RARE ATMOS WALL CLOCK Brevets J.L. Reutter, Atmos Pendule Perpetuelle 507 Ca. 1930 France

Varia Wall clocks


Signed and numbered: Brevets J.L. Reutter, Atmos Pendule Perpetuelle 507
Circa 1930

The spring-driven movement is constructed between two circular plates and has a rotating balance wheel, suspended from a thin metal strip under the movement (torsion spring). The mainspring is wound under the influence of variations in temperature. As a result of changes in temperature a large drum changes in shape which causes the mainspring to be wound a little. If the temperature does not change, the duration of the clock is 90 days. The back of the movement is marked the number 507 on a strip behind the spring barrel.

The circular matt gilt dial has an Arabic chapter ring. The time is indicated by a blued steel pair of Breguet hands. The dial is marked under the 12: ATMOS PENDULE PERPETUELLE.

The gilt brass case has bevelled glass panels on three sides. There is a door at the front to access the hands. The rear side and the bracket are made of wood. There is a slide at the front with which the rotating balance can be secured, allowing the clock to be moved. At the back is plaque with the name of the maker Brevete J.L. Reutter S.G.D.G. Made in France.

Infinitely, but is case of lack of winding 90 days.

Height 40 cm.
Width 21.5 cm.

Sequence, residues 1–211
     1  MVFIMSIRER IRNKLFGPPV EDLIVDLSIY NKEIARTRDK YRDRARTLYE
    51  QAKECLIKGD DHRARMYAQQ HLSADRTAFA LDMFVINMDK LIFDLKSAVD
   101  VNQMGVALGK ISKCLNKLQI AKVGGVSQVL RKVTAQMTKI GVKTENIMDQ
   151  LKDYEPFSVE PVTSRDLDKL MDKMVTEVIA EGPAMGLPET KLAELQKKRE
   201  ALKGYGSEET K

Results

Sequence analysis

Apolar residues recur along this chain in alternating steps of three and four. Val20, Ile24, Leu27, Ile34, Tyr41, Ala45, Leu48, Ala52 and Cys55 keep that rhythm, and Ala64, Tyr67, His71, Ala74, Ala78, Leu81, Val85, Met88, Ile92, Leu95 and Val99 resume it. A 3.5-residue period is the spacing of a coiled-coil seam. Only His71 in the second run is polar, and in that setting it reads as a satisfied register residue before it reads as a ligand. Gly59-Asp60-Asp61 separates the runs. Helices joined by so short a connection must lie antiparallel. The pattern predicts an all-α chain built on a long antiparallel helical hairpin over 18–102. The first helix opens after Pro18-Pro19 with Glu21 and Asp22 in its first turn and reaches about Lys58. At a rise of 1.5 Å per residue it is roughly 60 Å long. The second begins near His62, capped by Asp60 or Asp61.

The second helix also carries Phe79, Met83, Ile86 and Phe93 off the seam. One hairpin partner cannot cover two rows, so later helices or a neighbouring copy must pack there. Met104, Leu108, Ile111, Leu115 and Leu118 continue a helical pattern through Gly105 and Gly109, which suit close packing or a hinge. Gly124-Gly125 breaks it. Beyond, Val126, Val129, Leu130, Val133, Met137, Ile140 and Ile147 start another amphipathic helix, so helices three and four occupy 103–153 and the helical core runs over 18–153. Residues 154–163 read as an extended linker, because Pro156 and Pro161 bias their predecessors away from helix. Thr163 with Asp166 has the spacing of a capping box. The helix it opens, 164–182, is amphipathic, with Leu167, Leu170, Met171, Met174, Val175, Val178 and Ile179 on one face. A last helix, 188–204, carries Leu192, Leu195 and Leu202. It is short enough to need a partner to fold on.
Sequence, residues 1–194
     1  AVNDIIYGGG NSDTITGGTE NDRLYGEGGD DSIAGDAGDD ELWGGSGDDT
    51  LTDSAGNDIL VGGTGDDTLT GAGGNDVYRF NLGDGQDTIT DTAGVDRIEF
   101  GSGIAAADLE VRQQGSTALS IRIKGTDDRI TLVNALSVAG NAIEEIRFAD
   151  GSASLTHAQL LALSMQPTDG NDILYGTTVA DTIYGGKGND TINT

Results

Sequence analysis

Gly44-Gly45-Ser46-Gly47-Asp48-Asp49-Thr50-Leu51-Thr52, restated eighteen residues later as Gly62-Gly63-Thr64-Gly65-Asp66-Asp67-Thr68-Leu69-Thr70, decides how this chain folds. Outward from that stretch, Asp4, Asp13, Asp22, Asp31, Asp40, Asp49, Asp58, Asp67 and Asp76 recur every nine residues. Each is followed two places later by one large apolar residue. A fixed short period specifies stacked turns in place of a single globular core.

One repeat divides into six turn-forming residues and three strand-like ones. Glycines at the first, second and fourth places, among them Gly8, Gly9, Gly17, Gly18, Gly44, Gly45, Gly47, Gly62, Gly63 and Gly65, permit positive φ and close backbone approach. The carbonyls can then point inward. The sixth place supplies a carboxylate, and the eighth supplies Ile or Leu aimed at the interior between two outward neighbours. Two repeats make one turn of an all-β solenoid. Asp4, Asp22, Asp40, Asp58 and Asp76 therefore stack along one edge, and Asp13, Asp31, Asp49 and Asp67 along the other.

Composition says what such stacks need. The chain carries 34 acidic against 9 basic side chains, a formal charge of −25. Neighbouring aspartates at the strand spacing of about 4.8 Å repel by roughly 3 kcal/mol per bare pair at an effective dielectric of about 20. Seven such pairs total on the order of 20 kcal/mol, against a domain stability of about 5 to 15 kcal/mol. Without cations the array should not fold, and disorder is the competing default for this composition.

Depth 16.5 cm.

– J. Zeeman, Het klokkenlexicon, Zwolle, 2003, p. 17.
– Jean Lebet, Von der Luft leben, die Geschichte der Pendeluhr Atmos.

The maker:
Jean-Léon Reutter (1899-1971) was the inventor and maker of the Atmos clock. In 1913 this Parisian engineer began to experiment with mechanism, which eventually would lead to the production of Atmos clocks. His ideas were based on those of James Cox which dated back to 1765. The first commercially produced clock appeared on the market in 1926 and the first patent was applied for in 1929. Reutter used a U-shaped tube positioned in such a way that it could slightly swing. The horizontal part and part +of the vertical tubes were filled with mercury, the space above the mercury being filled with a fast-evaporating liquid and the corresponding saturated vapour. One vertical tube was insulated, the other was not. When the temperature rose, the pressure in non-insulated part more than in the other and a small quantity of mercury moved from one side to the other, which made the U-tube tip over to one side a little. This motion was used to wind the mainspring. When the temperature dropped the opposite happened. Later versions of the Atmos clock used a metal drum filled with ethyl chloride.


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